The Teachers Council wants a major review to clarify name suppression for teachers who are hauled before its disciplinary tribunal because it feels that its approach of blanket name suppression is not working.
The council's policy on teacher conduct and naming offenders has come under the spotlight after several cases involving sexual offences.
A comprehensive review of the Teachers Council released this week found that the education system was working well by international standards, but that the regulatory body was not fit for the 21st century.
The review committee made sweeping recommendations for the council such as creating a new, independent professional body, raising the threshold for becoming a teacher, and more regular assessment of teachers.
The review also found that the council's rules were unclear and "confused" when it came to dealing with individual teachers' conduct.
Teachers Council director Peter Lind said that in the absence of clear legislative guidelines for naming teachers who had been disciplined, the council gave blanket suppression to any offenders.
He felt that the Education Act should be amended so that teachers had similar legal protection to doctors.
"If we had those, then it would answer some of the calls about whether or not these cases should be heard in public."
Secondary Principals' Association president Tom Parsons echoed the need for clear rules which made teachers accountable but also protected innocent parties.
"There are not many teachers who support anything that's happened previously with the confidentiality and ... no justice being seen to be done."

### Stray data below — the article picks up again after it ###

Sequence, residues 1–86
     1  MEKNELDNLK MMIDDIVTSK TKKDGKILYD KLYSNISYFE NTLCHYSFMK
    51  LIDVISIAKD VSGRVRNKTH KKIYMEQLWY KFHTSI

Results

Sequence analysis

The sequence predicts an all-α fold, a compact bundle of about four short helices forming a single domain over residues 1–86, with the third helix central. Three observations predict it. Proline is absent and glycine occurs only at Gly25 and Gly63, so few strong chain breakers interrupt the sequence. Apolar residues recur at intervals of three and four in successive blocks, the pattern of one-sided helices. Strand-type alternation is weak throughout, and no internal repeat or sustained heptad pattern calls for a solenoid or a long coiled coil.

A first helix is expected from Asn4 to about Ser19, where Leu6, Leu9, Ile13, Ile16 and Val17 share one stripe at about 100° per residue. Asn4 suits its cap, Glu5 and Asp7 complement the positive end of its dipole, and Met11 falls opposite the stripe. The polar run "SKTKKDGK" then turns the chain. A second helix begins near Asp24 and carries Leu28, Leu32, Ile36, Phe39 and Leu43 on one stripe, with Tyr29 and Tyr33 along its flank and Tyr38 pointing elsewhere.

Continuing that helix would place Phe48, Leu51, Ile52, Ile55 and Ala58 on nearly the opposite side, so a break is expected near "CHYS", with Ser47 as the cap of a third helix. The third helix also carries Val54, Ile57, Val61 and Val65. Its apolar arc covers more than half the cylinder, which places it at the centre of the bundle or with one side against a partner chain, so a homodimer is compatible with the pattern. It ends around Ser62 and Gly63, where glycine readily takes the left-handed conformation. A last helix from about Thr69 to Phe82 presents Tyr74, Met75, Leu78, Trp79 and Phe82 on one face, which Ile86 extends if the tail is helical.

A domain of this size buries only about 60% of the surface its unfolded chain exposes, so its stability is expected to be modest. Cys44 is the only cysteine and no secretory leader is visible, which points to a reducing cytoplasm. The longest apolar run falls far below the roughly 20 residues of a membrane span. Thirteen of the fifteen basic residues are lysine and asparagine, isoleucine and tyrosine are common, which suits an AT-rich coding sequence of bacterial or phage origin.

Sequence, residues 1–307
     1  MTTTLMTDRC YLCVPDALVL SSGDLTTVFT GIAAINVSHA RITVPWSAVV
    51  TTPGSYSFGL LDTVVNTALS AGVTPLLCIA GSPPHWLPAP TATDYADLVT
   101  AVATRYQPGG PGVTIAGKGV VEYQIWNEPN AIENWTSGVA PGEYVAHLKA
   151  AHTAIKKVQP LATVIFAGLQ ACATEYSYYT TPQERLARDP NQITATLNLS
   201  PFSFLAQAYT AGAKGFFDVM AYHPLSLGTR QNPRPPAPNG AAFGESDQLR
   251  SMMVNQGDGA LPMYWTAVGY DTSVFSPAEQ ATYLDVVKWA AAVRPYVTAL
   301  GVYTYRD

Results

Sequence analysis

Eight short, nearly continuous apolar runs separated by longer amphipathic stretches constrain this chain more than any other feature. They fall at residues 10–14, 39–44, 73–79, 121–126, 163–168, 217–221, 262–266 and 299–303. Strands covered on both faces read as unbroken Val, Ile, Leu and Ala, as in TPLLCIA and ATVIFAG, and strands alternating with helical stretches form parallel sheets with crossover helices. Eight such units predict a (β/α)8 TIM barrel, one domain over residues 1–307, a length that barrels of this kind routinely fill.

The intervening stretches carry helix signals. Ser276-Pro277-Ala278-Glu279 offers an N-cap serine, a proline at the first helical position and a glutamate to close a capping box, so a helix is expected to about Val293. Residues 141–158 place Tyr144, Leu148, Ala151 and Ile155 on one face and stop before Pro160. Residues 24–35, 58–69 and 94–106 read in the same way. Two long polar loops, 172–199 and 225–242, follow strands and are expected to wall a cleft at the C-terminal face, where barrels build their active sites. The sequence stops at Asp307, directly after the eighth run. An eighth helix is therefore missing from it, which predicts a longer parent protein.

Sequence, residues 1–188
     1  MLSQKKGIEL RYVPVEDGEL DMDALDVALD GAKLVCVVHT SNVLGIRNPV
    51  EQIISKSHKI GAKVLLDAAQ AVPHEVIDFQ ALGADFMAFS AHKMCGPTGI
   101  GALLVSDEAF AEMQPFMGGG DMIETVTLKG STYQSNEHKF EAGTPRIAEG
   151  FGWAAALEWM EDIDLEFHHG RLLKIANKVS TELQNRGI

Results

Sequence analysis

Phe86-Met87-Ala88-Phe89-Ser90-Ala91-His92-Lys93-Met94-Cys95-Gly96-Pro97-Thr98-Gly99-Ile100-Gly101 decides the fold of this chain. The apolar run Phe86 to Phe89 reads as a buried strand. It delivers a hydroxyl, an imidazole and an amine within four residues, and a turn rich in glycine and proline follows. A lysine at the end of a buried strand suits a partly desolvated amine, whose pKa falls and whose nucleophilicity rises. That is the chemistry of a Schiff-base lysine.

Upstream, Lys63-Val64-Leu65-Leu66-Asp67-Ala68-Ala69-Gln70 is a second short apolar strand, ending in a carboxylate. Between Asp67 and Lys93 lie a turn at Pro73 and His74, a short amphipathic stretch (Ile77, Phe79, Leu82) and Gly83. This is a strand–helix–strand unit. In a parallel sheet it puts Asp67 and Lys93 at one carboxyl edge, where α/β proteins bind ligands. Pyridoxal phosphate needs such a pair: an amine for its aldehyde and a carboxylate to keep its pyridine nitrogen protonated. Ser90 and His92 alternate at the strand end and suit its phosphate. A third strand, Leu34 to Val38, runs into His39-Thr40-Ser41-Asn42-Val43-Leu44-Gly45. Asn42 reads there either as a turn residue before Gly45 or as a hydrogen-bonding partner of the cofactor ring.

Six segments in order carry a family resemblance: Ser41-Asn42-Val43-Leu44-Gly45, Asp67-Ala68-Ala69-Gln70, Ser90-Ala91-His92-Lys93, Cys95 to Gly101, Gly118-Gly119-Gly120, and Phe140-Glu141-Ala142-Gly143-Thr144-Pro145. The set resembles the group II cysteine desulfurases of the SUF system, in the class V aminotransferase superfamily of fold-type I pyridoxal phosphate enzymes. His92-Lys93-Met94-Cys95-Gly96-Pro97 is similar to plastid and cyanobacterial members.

The report found that child safety in schools was the top priority. Education Minister Hekia Parata has released a discussion paper with recommendations for reform.
The council's complaints process was considered too closed to the public, slow and cumbersome, and had led to too few de-registrations. The review recommended that the council develop a code of conduct and that the law be changed to allow serious offences to be referred immediately to the Disciplinary Tribunal.
The council did not give the same emphasis on developing professional practice as the legal or medical professions. The committee recommended that membership of the Teachers Council should be separate from the issuing of a practising certificate, and that teachers should have to renew their certificates more regularly than every three years.
The committee recommended raising the bar for the profession by requiring teachers to hold a post-graduate qualification.
The council needed to be more accountable to the public with regard to teaching standards, competence and conduct. The committee said it should have to produce an annual report, and that the minister should have power to demand information or an audit.
The committee recommended a smaller eight-person council board with all members appointed by the Education Minister.